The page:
Many of the instructors I know give a ton back to our community. In addition to going above and beyond preparing our regular classes (even though the pay we receive often does not come close to compensating us for our effort), hundreds of instructors participate in charity rides and events to help organizations with their mission. Like many, I’ve had the honor of leading and participating in indoor cycling benefit rides. Although the cause and mission is serious, these events are some of the most fun and inspiring times I’ve spent on an indoor bike.
Last weekend I again had the honor of being asked to lead a charity ride. Gene Nacey (Gino) of Cycling Fusion and Global Ride Productions asked me to head the pack for the Tour de Cure. I love charity rides, but I’m particularly fond of them when they are outdoors! The event premiered Global Ride’s latest DVD, Maui Madness: Speed Thrills in Hawaii. Since it was a virtual ride, and outdoors, the ride started at 8:00 pm to ensure it was dark enough to project on the big screen. The atmosphere was perfect in the Square of downtown Pittsburgh on a beautiful 74 degree evening. Cities have a special energy to them, which only enhance the purpose and spirit of a ride like this.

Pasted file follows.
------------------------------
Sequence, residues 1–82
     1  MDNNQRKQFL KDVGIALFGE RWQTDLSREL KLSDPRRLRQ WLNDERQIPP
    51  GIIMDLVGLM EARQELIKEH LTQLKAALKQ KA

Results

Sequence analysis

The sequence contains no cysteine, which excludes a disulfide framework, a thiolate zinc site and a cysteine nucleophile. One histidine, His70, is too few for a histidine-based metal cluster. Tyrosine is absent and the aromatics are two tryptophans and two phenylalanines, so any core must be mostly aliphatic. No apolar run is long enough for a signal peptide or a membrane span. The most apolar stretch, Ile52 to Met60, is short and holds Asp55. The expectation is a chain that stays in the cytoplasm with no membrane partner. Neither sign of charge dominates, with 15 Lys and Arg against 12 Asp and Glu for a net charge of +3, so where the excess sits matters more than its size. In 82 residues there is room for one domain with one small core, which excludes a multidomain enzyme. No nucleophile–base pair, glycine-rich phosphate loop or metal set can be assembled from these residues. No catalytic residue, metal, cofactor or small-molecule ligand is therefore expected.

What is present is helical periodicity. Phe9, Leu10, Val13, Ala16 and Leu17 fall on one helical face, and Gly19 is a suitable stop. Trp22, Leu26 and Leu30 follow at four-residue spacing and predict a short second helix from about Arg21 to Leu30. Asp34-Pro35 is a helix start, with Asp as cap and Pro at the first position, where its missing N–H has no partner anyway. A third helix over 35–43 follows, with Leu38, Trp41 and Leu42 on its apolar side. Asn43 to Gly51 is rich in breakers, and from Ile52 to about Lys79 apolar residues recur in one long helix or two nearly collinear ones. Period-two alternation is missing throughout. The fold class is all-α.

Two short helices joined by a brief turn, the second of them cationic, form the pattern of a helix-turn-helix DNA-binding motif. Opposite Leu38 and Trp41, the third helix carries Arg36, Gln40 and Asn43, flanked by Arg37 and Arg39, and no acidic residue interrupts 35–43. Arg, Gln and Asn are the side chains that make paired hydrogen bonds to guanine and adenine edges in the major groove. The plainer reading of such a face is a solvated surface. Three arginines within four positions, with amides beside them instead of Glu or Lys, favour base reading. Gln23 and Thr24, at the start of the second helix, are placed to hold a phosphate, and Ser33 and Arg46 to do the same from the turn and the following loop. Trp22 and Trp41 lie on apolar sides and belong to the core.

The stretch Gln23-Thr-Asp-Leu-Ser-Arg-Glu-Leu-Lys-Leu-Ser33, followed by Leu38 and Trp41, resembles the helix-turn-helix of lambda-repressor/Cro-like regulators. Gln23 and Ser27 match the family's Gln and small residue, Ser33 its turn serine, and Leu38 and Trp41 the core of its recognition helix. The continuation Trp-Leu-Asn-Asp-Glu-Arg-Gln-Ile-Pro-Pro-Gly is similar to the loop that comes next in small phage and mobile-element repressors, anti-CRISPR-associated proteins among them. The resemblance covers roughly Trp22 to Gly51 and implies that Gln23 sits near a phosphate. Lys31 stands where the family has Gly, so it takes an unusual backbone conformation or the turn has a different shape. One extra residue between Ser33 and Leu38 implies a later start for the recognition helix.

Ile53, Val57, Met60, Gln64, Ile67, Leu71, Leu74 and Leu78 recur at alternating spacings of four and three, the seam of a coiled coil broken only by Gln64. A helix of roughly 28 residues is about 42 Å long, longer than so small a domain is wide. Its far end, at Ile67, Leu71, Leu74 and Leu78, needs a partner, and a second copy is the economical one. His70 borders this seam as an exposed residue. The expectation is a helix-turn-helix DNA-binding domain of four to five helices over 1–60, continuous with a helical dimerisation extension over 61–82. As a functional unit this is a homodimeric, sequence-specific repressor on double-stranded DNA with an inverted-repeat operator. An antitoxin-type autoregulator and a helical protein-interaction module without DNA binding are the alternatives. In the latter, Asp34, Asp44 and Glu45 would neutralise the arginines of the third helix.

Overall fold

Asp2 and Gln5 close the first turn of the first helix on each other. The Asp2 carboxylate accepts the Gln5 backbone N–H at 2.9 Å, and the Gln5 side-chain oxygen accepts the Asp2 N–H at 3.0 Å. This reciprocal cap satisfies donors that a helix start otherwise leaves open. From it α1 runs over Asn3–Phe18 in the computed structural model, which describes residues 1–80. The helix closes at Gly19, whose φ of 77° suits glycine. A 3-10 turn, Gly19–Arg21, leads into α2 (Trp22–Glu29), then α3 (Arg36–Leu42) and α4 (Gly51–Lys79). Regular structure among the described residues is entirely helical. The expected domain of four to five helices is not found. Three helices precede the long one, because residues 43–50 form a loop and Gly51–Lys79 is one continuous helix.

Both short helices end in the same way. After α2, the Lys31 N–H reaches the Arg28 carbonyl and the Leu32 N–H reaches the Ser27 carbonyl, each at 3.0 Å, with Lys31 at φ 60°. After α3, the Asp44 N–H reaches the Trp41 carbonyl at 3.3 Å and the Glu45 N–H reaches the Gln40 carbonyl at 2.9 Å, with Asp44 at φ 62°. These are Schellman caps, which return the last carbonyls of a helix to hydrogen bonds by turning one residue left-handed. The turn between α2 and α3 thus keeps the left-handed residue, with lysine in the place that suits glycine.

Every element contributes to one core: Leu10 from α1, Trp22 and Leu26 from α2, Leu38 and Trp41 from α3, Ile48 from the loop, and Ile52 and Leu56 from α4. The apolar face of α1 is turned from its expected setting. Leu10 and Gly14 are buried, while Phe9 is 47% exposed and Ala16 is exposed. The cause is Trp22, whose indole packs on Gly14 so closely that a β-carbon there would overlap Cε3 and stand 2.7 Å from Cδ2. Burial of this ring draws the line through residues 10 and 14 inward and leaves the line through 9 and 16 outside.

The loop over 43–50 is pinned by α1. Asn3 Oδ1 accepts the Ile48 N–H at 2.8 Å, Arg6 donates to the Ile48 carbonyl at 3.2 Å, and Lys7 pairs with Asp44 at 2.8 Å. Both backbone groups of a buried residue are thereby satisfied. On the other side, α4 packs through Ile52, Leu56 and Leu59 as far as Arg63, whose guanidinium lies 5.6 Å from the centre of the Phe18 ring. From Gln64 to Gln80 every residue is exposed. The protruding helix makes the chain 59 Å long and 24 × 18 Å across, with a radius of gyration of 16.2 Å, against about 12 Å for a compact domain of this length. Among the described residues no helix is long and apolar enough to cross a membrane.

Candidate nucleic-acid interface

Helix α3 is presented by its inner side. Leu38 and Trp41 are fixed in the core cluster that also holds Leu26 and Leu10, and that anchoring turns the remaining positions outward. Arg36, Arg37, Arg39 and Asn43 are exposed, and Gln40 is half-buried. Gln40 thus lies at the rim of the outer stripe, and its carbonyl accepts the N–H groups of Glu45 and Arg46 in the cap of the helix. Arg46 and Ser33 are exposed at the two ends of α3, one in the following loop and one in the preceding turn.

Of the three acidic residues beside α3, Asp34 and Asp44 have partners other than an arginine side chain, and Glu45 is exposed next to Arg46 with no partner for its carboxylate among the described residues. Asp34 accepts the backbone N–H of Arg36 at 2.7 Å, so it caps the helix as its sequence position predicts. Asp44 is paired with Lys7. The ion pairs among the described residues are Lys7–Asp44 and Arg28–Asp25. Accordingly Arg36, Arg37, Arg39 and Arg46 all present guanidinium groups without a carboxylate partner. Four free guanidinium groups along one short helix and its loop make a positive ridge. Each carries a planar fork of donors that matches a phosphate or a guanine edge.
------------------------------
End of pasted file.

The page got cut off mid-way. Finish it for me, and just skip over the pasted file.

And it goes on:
As the head coach for last year’s Global Ride trip to Hawaii, leading this virtual ride was a reunion of roads, memories, and friends. In addition to getting some long overdue time with Gino, I got to spend time with powerhouse rider and coach Michelle Simons, and our fearless cameraman and expert driver, Peter Guellard. The night ended in a frenzy as Michelle joined Gino and myself at the front bikes during the famous helicopter scene, where she challenges both a helicopter and charging cattle to a epic chase.
It was a great cause, a fantastic event, a fun reunion, and an excellent workout. In the process, I made an interesting observation about leading events such as this. As the stage, lighting, and sound crews were setting up earlier in the day, I sat in a nearby café and reviewed the DVD to refresh my memory and take notes for how I would coach the riders that evening. I spent two hours reviewing the video footage and took two pages of notes. However, as soon as the event started, my notes and prep were tossed aside. This was far more than an indoor cycling class with a virtual ride; everyone was looking for more than a workout. They wanted an experience that connected them to the ride, event, and cause.
I’ve asked Gino for some live video coverage of the ride so I can post a follow-up to this article. We are pulling that together now. I believe the live video of the event will demonstrate another layer of presentation skills indoor cycling instructors can add to their repertoire when more than a class and workout need to be delivered.